It was pre-2008. I was commenting on the gospel in a message delivered to New Song Church in Bolingbrook, IL. I think it was either Easter or Christmas. In the message, I asked a question which I have asked many times since.
“If the greatest being in the universe wants to give the greatest gift he could possibly give to you, what must he give you?”
My wife would say to the kids when they were taking tests, “pay attention to the questions; the answer is often in the question. Look at the logic inside the question.”
So what is the answer to the question? If the greatest being in the universe wants to give the greatest gift he could possibly give, he must give himself. This is precisely what the gospel proclaims. God gave himself. Jesus gives himself as the greatest gift he could possibly give. He promises to continually give himself both now and for all eternity (Hebrews 13:5). It is what he must do if he wants to give the greatest gift he could possible give. It is what he must do. It is what he did. It is what he promises to do for all eternity. Which is why John Piper writes in his excellent book, God is the Gospel:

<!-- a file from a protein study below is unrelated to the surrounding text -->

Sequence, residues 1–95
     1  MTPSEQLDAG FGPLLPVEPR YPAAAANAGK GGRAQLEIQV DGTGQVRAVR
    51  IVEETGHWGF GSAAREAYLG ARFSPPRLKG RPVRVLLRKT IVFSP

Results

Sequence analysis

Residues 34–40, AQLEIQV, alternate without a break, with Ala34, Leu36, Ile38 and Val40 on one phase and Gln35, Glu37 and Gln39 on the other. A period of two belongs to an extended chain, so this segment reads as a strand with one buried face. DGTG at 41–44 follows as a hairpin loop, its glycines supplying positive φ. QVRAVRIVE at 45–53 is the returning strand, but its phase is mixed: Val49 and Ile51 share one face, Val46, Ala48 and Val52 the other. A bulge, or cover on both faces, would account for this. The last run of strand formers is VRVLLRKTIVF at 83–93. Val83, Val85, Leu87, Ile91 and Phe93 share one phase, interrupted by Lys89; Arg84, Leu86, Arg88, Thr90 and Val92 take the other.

This, in green below, is important for us to grapple with and so I am stealing a lesson that I have learned reading poetry. I have reformatted Piper’s two paragraphs to help the reader slow down and take in every point he is trying to make and emphasized certain phrases with italics, underline and bold letters to draw attention to what is most important. I have also added two bracketed comments to make Dr. Piper’s meaning clearer. (Presumptuous of me perhaps?)
“The acid test of biblical God-centeredness—and faithfulness to the gospel is this: Do you feel more loved because God makes much of you, or because, at the cost of his Son, he enables you to enjoy making much of him forever? Does your happiness hang on seeing the cross of Christ as a witness to your worth, or as a way to enjoy God’s worth forever? Is God’s glory in Christ the foundation of your gladness?
From the first sin in the Garden of Eden to the final judgment of the great white throne, human beings will continue to [wrongly] embrace the love of God as the gift of everything but himself.
Indeed there are ten thousand gifts that flow from the love of God. The gospel of Christ proclaims the news that he has purchased by his death ten thousand blessings for his bride [the Church]. But none of these gifts will lead to final joy if they have not first led to God. And not one gospel blessing will be enjoyed by anyone for whom the gospel’s greatest gift was not the Lord himself.”
God is the Gospel, John Piper, p. 11-12.
“Delight yourself in the Lord
and he will give you the desires of your heart.”